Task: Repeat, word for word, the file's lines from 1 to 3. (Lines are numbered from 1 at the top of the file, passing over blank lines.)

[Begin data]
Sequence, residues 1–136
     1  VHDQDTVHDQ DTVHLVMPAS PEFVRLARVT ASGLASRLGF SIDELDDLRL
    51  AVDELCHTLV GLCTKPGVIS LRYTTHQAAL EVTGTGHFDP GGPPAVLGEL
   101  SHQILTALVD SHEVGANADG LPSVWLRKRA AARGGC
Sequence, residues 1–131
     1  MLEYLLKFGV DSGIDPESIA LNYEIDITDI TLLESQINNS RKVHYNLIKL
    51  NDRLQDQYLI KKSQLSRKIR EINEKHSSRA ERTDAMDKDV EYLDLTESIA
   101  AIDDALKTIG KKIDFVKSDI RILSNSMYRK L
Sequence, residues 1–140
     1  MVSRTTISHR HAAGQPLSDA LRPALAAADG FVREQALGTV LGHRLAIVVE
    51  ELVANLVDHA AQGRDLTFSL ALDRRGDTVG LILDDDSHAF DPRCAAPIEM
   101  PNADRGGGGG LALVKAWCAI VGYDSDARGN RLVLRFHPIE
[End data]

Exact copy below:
Sequence, residues 1–136
     1  VHDQDTVHDQ DTVHLVMPAS PEFVRLARVT ASGLASRLGF SIDELDDLRL
    51  AVDELCHTLV GLCTKPGVIS LRYTTHQAAL EVTGTGHFDP GGPPAVLGEL